Once Herrera has deflected the ball around Naess, he sets off a footrace to the ball with the Crew SC defender. Finally, Harrison has arrived on the scene running totally unmarked into the Crew SC goal box. Harrison was able to catch Columbus left back Jukka Raitala too far up the field, and easily beats him back into the attack.

As Herrera beats Naess to the ball, he has a very simple pass to Harrison, who remains unmarked. Raitala has closed down the distance to Harrison, but will be unable to catch the NYCFC winger.

Naess is able to make Herrera’s pass more difficult than initially anticipated, forcing the City midfielder to make a sliding pass into the path of his teammate. Raitala continues to close down Harrison, but the speedy winger will just beat Raitala and Naess to the ball.

To Raitala’s credit, he nearly catches Harrison before he can slot the ball between Steffen’s legs. Still, neither Raitala nor Naess are able to get in front of Harrison’s shot.

Notice Steffen’s positioning. He has made himself wide in front of Harrison, but his legs are spread very far apart, giving Harrison an easy path to goal.

Note the above video to see just how open Harrison was. Even though Harrison had to slow down his run he still gets to the ball before anyone from Crew SC.

Not the best look for Steffen in the image above. The Crew SC goalkeeper, who had already been chipped for Harrison’s first goal, gets nutmegged for the game winner.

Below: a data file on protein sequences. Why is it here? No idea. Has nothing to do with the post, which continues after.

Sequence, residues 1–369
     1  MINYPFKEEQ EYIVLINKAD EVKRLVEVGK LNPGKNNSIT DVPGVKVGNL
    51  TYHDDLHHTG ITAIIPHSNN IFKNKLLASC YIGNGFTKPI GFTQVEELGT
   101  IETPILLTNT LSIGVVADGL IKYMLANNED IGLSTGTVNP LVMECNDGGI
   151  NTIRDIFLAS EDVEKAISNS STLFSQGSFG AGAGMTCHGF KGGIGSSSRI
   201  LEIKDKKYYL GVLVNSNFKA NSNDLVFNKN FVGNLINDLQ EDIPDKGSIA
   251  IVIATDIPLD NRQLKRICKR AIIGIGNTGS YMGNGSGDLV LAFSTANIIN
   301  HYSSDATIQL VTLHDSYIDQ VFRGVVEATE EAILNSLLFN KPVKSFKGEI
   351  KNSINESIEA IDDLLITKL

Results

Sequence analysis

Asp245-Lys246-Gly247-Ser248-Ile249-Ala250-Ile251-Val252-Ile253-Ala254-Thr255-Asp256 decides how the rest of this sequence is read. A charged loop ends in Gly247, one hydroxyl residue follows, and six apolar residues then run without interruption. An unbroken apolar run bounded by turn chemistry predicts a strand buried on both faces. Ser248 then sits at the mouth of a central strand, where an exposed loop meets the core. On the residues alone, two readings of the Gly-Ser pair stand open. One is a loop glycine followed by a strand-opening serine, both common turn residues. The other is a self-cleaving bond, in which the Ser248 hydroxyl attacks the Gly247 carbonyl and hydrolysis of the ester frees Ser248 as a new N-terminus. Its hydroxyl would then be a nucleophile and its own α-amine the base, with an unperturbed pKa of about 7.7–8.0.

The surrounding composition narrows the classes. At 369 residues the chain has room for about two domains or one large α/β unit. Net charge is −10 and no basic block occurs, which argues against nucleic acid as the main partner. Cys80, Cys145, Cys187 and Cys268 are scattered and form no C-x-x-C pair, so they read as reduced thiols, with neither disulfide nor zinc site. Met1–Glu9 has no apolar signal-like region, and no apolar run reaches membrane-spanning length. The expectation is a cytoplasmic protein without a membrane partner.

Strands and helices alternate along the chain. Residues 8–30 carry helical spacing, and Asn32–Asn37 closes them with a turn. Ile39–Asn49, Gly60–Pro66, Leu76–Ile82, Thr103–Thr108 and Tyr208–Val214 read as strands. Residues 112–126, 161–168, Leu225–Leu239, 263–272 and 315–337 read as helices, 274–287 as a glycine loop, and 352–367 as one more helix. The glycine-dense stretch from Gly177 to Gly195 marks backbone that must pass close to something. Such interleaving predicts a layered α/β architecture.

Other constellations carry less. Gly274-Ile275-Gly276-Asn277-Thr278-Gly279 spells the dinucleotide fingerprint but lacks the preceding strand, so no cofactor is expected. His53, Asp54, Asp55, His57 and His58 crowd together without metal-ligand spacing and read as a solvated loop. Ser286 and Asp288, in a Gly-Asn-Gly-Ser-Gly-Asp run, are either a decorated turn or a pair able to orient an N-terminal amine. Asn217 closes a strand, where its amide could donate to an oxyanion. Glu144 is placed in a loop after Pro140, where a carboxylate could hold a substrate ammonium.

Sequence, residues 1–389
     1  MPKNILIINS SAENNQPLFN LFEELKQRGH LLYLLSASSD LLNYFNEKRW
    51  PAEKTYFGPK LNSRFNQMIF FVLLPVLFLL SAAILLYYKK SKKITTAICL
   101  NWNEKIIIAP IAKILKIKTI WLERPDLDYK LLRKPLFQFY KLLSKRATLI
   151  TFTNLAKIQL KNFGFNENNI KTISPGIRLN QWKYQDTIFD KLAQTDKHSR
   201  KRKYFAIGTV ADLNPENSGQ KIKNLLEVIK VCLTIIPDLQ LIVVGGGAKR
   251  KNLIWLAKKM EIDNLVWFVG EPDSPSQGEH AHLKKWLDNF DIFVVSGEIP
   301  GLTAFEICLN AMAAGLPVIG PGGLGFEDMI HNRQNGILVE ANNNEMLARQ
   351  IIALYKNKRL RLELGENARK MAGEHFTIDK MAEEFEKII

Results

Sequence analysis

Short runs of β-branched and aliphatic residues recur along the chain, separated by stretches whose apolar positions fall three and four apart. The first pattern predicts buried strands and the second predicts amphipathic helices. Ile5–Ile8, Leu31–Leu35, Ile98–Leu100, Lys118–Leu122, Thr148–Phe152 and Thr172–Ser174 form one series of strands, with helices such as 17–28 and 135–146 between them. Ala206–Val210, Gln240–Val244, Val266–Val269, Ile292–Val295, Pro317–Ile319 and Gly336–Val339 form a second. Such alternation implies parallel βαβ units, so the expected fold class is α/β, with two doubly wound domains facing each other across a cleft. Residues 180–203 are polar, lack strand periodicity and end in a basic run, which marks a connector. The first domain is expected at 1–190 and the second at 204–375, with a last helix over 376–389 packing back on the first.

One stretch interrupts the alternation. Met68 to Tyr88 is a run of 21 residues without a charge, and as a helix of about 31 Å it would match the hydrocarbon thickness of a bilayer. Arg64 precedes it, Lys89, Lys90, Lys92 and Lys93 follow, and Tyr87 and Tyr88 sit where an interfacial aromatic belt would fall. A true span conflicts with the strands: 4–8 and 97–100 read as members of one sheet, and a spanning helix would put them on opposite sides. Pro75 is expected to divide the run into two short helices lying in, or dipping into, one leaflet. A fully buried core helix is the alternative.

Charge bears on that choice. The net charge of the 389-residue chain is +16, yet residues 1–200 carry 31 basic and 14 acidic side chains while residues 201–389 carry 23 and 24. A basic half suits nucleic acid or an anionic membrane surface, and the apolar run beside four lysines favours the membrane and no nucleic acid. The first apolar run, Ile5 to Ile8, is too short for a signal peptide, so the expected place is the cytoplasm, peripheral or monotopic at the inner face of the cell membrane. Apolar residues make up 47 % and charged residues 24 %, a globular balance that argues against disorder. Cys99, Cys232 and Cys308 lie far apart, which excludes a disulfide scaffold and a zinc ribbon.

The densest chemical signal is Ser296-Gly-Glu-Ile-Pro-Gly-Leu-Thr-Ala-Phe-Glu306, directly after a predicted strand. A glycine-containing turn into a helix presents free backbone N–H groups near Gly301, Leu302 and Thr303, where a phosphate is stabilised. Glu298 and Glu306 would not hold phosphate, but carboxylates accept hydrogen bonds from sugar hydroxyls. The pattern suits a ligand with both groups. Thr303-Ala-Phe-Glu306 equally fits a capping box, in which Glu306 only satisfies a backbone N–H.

Findings:

  1. Crew SC was once again outdone by a high press. Afful and Jonathan took the options afforded to them, but were ultimately let down by their teammates, as Naess doesn’t hustle toward the ball, Abu doesn’t cover anyone and Raitala is burned by Harrison.
  2. NYCFC knew exactly what it was doing on this play. Harrison saw Raitala up the field and sprinted right into the unoccupied defensive left of Crew SC.
  3. The absence of Artur is glaring. In fact, there is an Artur-sized hole in the midfield that can be seen in many of the images above.
  4. The Crew SC defense was hung out to dry by it’s midfield on this play, from a lack of defensive coverage to a lack of passing options while Afful and Mensah were under pressure. NYCFC was able to switch the ball quickly from their defensive third to Crew SC’s defensive third, but that play was the result of a slow buildup by City rather than a Columbus attacking turnover.